Last week I had the pleasure of interviewing Aussie pro cyclist Chloe Hosking over the phone. Chloe has returned home to Canberra for the summer season where her training program continues, as well as her university studies in communication.
Chloe has just completed two pretty successful years with Norwegian team Hitec. Her 2014 season began with a stage victory at the Mitchelton Bay Crits, and continued with impressive results in Europe including the EPZ Omloop van Borsele and a stage of the Lotto-Belisol Belgium Tour.
But despite her successes Hitec told her that they wouldn’t be renewing her contract for 2015. Chloe wasn’t too disappointed because she says she was ready to move but when discussions with Orica-AIS fell over at the final hurdle she was feeling a little anxious about her future. She made contact with a number of teams and found a great fit with Wiggle Honda where she’s signed up for the 2015 season. There she’ll be reunited with her friends Elisa Longo Borghini and Audrey Cordon and will enjoy racing again with Emilia Fahlin.
She’s also excited at the prospect of racing in the same team as Georgia Bronzini who is known for her great leadership out on the road. As well as her new team mates she’ll still be keeping in regular contact with her mentor and former teammate Ina-Yoko Teutenberg.
One thing I’ve admired about Chloe is her outspokenness. She famously called the then UCI President Pat McQuaid ‘a dick’ in January 2012 in reference to his comments, when he said that women’s cycling has “not developed enough” to warrant a minimum wage. As I’m a former media advisor to some of Australia’s largest companies I suppose I should be suggesting to Chloe that she needs to sanitise her comments in future, but I actually admire what she’s achieved. As Chloe said it was the first time she remembers women’s sport of any kind hogging the number one spot of the SMH’s sports page.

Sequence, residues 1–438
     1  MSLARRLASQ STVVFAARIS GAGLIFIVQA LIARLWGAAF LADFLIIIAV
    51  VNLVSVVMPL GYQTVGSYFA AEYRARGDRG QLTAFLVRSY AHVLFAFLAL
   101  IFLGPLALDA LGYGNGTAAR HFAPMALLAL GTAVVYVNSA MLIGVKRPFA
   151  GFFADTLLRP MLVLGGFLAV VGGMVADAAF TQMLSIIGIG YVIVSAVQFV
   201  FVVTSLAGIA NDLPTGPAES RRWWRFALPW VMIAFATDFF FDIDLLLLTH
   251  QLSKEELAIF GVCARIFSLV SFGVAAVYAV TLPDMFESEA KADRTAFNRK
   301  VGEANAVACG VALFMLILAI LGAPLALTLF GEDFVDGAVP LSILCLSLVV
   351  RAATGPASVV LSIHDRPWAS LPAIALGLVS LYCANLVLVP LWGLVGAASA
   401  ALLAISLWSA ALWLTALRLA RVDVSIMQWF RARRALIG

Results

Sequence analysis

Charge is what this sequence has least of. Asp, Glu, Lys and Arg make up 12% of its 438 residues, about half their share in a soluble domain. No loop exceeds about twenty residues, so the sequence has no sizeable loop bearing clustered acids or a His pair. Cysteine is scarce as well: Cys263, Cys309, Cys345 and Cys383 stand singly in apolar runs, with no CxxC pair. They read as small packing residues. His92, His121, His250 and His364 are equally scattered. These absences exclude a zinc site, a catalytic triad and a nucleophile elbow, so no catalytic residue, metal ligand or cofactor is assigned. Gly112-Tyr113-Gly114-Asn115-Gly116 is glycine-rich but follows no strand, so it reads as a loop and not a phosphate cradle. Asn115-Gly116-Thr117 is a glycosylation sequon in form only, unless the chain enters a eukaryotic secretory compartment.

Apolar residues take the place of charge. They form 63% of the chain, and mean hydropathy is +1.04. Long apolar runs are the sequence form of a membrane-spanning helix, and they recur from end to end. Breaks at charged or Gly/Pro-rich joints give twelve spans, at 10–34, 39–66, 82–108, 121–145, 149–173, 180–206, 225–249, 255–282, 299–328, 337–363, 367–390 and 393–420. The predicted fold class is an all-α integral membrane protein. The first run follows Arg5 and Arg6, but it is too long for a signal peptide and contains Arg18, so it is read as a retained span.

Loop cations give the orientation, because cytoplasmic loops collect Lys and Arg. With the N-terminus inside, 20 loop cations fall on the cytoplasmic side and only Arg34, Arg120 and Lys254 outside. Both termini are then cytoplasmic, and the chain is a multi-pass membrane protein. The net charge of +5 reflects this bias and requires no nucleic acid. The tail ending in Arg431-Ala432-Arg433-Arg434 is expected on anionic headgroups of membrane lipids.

Chloe attributes her outspoken nature to the Australian habit of being somewhat blunt. She works on the theory that she speaks to others the way she’d like them to speak to her, and sometimes that backfires, but mostly it serves her well. I know I enjoyed reading her blog post about the Commonwealth Games and dealing with disappointment. She really wears her heart on her sleeve.
In 2015 Chloe will begin her year at the Bay Crits in her new Wiggle Honda colours. The Bay Crits is a race she enjoys and she won Stage 2 there earlier this year. This will be followed shortly by the National Road Championships in Victoria but it’s not a race she enjoys, or is suited for (she has to race it in order to be considered for selection in any national teams). But she is looking forward to her first major hit-out of the year with the Tour of Qatar in February.
This year Chloe spent 10 months away from Australia and when in Europe she’s based in Girona in Spain. So it’s really her home rather than Canberra, and there’s a huge community of cyclists living there too, so she’s got plenty of training buddies.
I asked Chloe my favourite question which I like to pose to professional cyclists – ‘How can we increase the profile of women’s cycling?’. She said that all riders have the potential to use social media to promote their own sport and many do it well by blogging and utilising social media like Twitter and Instagram. She suggests that teams could be doing more by sending more regular media releases, thus providing ready-made content for time-poor journos.
In her spare time, not that she has much of that, Chloe is studying towards her Bachelor in Communication (majoring in journalism) which she hopes to finish in February next year. She’d like to use her pro cycling experience and studies to pursue a career in sports management in the future.
Good luck in 2015. Women Who Cycle will follow your progress.